Assignment 4 – Appraisal of outcomes

Demonstration of technical and visual skills

The project I decided to do for these projects and assignments were a huge technical challenge (probably why the course notes say to avoid metal casting!). I think I have worked through these challenges well (although not without plenty of errors along the way). I think I always go for the most difficult option to learn more – I like the challenge!


Resin – Worked quite well but very smelly and would be costly for anything big. Interesting to experiment with, but probably not something I’ll use again in a hurry.

Wax – Not crystal clear as described, except on the bottom (maybe it reacts with the rubber in some way). Worked well to fulfil my burning landscape idea.

Ice – Expansion meant that the base was not flat, although I guess it could have been melted flat if required. I fortunately cut and then glued the plaster mould back together, which then allowed the mould to be broken apart to get the ice out. It worked well for the images I was aiming for.

Bronze – This is a fantastic material to use and I do love the finish you can achieve with it. It is a very involved and time consuming process to cast yourself though. Some of this was learning the process, but a lot is the waiting time between coats / etc.

Wood – I’m using offcuts of what I have lying around at the moment. It would be nice to get hold of some old railway sleepers or something with more character for future work.

Stone – I was planning to use stone for some of the sculpture bases, but couldn’t find out where to get any from and ran out of time! Hopefully I’ll explore stone bases in future projects.

In terms of materials, I think I have used a very wide range of these in this stage.


Despite a few mistakes along the way, I don’t think I can be faulted in this section. In my figure piece especially, I constructed a five part rubber and plaster mould to transfer my super-sculpey shape into wax. Then the bronze casting process is very involved, both in the spueing and shelling process, then in the metalworking and finished after having poured the metal. I also had to design and construct tools to enable me to pick up and pour the bronze from the crucible.

However, in concentrating so much on the process driven steps required to mould and cast my objects, at times I felt I had moved away from the creative / conceptual work in carrying this out, although that could be just because I did this work so long ago now. I look forwards to embracing this again in the next stage.

Observational Skills:

These are probably most acutely shown in my figure sculpture as this was directly sculpted in a life drawing session, with the base fabricated to fit the figure in a more natural way than the arrangement of cushions/etc. used by the model in the session.

Design and Compositional Skills:

I am pleased with the way my residency sculptures are developing and feel this area has a very wide range of possibilities to explore. I think that modelling and adapting my design as I play with the materials is the most natural way of working for me.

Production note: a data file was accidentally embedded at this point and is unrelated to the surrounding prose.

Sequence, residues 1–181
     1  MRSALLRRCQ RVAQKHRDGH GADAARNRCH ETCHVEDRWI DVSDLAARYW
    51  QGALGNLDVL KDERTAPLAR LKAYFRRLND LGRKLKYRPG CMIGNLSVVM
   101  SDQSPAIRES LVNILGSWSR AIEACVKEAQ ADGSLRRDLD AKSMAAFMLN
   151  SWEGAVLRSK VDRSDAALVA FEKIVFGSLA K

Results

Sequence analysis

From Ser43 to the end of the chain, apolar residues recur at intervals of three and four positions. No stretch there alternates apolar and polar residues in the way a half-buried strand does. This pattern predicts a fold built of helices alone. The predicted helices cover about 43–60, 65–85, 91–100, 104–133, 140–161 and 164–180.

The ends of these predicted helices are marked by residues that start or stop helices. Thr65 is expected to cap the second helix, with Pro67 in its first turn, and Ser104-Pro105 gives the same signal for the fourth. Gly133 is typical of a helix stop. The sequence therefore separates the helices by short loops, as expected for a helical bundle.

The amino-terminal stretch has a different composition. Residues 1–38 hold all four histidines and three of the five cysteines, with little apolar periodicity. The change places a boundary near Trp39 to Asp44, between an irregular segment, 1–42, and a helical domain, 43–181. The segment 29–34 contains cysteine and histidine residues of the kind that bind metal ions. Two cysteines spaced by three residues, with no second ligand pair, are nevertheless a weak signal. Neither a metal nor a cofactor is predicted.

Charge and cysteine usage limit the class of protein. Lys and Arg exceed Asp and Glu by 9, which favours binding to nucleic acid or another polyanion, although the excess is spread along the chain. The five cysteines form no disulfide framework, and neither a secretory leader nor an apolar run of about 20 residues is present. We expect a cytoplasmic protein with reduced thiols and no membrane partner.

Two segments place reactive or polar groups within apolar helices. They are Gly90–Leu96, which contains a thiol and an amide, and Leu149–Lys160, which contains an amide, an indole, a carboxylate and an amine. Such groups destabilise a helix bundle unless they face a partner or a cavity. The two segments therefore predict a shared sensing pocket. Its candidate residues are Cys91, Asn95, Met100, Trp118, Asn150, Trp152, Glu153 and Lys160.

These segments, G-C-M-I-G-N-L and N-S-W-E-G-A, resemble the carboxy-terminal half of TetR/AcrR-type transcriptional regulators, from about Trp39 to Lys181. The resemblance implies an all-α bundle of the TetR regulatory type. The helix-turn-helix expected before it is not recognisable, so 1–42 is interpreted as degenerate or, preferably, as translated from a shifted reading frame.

Quality of Outcome

I am very pleased with the quality of my work in this assignment.

‘Esther’ – a great opportunity to sculpt from life which has resulted in a very attractive bronze sculpture. It does have a few small marks which could have been ground off before patinating.

‘Landscape 1-3’ – These realised my ideas well, the ice and wax versions providing the most interesting (although temporary) outcomes.

‘Landscape’ – My video editing abilities are limited to using Windows movie maker, but I think this worked quite well.

‘Monument to the last tree’ – This is perhaps the least successful sculpture with the patination too uniform and dark to express what I had in mind.

‘Residency under construction’ – This worked surprisingly well, although the background shelf is too busy and would probably work better with a plain rusted shelf. I may change this at some point.

Demonstration of Creativity

My sculptures may have suffered from the technical focus of the processes I was going through, and because each piece took so long to realise, I didn’t develop my ideas as far as I have in previous projects. I think I should focus my efforts on this development in the next stage (although learning yet another process in carving may get in the way of that! I can see why this has come out of the newly revised course notes for this course).


These sculptures are not particularly inspired by other artists. ‘Esther’ came from a life drawing opportunity, ‘Landscape 1-3’ came from my fascination with all things to do with maps, ‘Monument to the last tree’ came from seeing a lightning struck tree and ‘Residency under construction’ is a development of my sculptures in stage 3.


Looking back, it is interesting to see that I have produced three sculptures in this section which make an environmental statement – maybe there is something I want to say with my work!


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